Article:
Agnishom, I will understand the rest of the Calculus from u later.Now going 2 watch Mahabharat.Bye,gdn8,ttyl.
Now plz start teaching me Calculus,if u have time.
(Please look at the last thing I posted to you)
I was just recapitulating it.Now,u can show this with an example.
Example: Find the derivative of 9x^2
We can split this into two parts 9 and x^2
Since 9 is a constant we can apply the rule we just discussed.
Thus derivative of 9x^2 = 9(x^2)' = 92x = 18x
Can you find the derivative of 3x^3?
Derivative of 3x^3 is 9x^2.Right?
Yes, very good.
Let us look at a problem: What is the slope of the tangent to the curve y=x^3 at x=4? Can you find out the equation for the tangent?
I can understand that y=64.Then plz give me a hint.
Had we discussed that the derivative of a function is the function that desrcibes the slopes of the tangents on that function?
I think we haven't. Or maybe I have forgotten it. Anyway,what's it?
(Oh, come on! That is the very first idea I started my lectures with)
Anyway, I will explain it once again.
Please find the derivative to x^3 for now.
The value of 3x^2 at x=4 is ....?
I am confused. What will be the answer?
Value of 3x^2 with x=4 is 3(4^2)=48
Since 3x^2 is the derivative of x^3, and the value of 3x^2 at x=4 is 48, we can say that the slope of the tangent of x^3 at x=4 is 48.
Do you get what I am saying? If yes, then let's verify it.
Yes,now I got it.
Now, that was theory. We must check out if that is the real tangent. Lets do an experiment
Please go to http://www.mathsisfun.com/data/function-grapher.php and do the following settings:
Set y = x^3 in one function
Set y = 48*x-128 [Note that this 48 is the slope we got]
Click the Out 10x button to zoom out
You should get something like this:
I am getting that.
If you say so....
Agnishom,u told me that u will show me whether it's a real tangent. Well I have plotted the graph. Then?
Can you see that we have actually found the tangent?
Do you believe that differential calculus works, now? :)
By the way, here is another rule:
(f+g)' = f' + g'
Find the derivative of x^2 + 9x
Answer = (x^2)' + (9x)' = 2x + 9
Yes,I understood what u did. Then?
I was talking about the graph that you plotted. It is a visual proof that calculus works! Do you believe it?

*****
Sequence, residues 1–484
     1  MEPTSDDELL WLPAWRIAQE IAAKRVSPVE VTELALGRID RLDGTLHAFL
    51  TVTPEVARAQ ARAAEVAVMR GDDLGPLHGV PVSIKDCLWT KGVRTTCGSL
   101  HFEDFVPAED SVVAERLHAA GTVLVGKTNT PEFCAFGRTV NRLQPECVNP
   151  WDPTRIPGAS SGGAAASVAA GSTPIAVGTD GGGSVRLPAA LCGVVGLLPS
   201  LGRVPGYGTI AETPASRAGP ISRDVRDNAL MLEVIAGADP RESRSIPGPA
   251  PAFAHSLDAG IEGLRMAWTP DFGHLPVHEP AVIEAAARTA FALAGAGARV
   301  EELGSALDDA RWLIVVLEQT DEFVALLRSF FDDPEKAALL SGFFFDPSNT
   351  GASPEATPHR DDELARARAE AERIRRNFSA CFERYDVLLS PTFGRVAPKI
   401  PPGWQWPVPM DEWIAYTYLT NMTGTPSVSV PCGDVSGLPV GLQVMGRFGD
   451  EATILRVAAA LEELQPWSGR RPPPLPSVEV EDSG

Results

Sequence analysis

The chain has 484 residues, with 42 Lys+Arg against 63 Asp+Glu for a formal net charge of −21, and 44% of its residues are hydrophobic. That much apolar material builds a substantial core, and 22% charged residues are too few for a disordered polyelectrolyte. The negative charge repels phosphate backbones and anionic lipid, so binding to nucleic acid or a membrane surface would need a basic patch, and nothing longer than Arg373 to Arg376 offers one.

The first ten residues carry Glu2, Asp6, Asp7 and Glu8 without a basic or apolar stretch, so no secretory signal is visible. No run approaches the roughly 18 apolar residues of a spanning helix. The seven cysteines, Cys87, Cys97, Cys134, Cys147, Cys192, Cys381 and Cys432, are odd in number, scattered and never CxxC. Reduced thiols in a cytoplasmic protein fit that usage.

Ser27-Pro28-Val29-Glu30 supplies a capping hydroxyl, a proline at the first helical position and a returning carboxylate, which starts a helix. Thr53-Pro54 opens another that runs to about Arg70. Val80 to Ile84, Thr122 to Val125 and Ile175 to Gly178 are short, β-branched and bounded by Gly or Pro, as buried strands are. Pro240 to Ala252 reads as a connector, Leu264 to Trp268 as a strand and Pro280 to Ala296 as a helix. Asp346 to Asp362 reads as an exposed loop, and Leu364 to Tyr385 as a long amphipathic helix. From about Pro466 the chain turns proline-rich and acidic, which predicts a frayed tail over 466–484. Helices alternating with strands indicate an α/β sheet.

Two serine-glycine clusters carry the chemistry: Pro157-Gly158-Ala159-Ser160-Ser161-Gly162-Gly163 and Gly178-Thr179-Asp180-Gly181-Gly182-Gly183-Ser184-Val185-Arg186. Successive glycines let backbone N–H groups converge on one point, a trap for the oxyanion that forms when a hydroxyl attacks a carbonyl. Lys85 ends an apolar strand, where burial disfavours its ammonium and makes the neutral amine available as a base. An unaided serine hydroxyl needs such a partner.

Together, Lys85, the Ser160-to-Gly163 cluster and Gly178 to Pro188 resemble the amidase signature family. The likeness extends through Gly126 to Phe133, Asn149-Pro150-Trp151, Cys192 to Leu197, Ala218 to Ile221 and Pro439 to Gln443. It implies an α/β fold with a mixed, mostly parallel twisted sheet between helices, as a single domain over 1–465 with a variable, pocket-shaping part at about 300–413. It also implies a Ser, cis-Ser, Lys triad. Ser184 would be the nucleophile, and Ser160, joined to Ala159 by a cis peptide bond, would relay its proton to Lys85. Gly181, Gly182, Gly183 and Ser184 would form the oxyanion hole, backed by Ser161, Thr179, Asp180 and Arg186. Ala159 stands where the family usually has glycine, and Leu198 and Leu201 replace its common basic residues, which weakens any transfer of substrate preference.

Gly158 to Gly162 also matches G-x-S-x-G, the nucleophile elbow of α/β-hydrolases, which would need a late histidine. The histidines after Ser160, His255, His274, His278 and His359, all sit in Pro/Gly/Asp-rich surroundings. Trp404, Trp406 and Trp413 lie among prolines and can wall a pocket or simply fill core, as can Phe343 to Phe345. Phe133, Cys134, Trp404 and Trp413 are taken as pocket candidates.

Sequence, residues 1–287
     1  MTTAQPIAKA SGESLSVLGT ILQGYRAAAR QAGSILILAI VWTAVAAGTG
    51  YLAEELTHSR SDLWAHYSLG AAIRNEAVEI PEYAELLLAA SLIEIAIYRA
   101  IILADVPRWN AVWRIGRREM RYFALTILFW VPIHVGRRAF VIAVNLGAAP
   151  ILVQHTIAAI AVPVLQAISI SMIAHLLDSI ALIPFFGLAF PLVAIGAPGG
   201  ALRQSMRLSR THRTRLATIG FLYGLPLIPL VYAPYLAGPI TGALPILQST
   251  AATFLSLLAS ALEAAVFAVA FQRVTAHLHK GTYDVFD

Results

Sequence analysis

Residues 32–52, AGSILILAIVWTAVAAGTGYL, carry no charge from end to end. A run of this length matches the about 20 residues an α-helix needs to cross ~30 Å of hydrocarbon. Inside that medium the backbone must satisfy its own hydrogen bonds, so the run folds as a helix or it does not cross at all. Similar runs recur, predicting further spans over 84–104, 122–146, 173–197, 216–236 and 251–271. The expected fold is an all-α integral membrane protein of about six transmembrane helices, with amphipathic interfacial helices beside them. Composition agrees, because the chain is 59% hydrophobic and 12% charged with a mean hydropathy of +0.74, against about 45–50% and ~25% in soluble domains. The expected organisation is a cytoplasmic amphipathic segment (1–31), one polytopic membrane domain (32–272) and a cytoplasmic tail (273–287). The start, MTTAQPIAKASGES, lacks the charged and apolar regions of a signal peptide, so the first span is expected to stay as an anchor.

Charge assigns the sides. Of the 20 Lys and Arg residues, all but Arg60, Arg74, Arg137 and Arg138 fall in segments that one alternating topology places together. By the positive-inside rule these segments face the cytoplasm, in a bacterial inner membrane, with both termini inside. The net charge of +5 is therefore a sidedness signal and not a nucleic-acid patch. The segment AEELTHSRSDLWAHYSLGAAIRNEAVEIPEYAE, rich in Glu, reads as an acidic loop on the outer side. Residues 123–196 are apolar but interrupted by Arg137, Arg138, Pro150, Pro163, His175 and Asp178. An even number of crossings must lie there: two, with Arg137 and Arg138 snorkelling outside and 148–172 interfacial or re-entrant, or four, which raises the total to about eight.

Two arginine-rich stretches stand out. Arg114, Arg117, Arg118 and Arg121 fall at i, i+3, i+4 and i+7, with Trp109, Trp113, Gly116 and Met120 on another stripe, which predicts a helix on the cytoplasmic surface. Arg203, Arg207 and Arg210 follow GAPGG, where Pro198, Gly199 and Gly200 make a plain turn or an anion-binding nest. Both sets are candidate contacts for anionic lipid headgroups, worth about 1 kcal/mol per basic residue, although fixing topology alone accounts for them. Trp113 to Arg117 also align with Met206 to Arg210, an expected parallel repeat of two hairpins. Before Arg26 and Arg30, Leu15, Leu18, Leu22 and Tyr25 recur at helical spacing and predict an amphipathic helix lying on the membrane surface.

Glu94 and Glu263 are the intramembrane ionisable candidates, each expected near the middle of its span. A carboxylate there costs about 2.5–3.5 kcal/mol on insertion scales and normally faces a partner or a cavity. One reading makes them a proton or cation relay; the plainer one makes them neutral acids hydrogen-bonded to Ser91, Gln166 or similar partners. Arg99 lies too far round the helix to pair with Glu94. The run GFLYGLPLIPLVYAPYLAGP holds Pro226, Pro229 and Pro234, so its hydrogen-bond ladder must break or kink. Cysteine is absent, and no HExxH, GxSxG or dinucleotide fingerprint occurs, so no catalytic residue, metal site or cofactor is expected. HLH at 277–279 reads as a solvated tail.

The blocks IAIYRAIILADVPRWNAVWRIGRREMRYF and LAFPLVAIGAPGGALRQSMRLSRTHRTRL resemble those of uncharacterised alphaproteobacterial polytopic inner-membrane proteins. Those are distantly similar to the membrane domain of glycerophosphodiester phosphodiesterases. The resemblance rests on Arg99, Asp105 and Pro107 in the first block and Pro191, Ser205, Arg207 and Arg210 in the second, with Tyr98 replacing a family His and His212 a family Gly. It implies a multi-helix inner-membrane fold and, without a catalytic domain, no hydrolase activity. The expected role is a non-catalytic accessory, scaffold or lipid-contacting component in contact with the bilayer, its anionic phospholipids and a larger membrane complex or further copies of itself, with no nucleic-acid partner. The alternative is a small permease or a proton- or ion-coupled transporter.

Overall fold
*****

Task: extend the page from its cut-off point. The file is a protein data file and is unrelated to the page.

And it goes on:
Yes, I believe it completely.
Situation: the relation between the distance travelled, denoted by x, and the time taken by a body, denoted by t, is given below:
Please find out the equation for the velocity of the body
Please give me some hint.
Instantenous velocity is the derivative of displacement with respect to time.
Can you differentiate the function in the previous post?
By the way, velocity is the rate of increase in displacement with respect to time.
That means it is the derivative of displacement with respect to time. Yes?
This was my equation: x=7t^2+5t+8
Can you differentiate the right side with respect to t?
It's 14t+5,as u told me just now.
Velocity = dx/dt = 14t+5
If acceleration is defined as the change of velocity with respect to time, please find the acceleration of the body.
Acceleration = dv/dt [where v is velocity]
What's the answer ?
I suppose it is 14.
No, dv/dt = 14
How? Please show me
Acceleration is change of velocity/change of time = dv/dt.
We must compute the derivative of v with respect to t. We have got v = 14t+5
Differentiating 14t+5 with respect to t, we get (14t)'+(5)'=14+0
Do you get this?
Then, dt = ?
dt is a small part of t. When we are differentiating v with respect to t, it means that we want the ratio of change of v with respect to a very small change of t.
I think you are confused.
No no,it's O.K. Please proceed on.
Ok, notice something.
We were given that x = 7t^2+5t+8
Differentiating: We get
But again, we call dx/dt as v
We redifferentiate v with respect to t
But wasn't v = dx/dt?
yeah, So We have actually done this
We have differentiated 7t^2+5t+8 two times consecutively.
The result after differentiating twice is called a second derivative. For example, the second derivative of 7t^2+5t+8 is 14
We can also write as.
I couldn't understand the last step. Can u plz xplain it 2 me?
It is just a notation. (Though there is a good reason for it)
One more notation: f'(x) is the first derivative of f(x) f''(x) is the second derivative of f(x) f'''(x) is the third derivative of f(x) and so on
Amrita, Read these rules: http://www.mathsisfun.com/calculus/derivatives-rules.html
The conversation continued to the chain rule, partial derivatives, total derivatives, the exponential function, extrema, taylor series, integration and more but as for the introduction to derivatives this is it.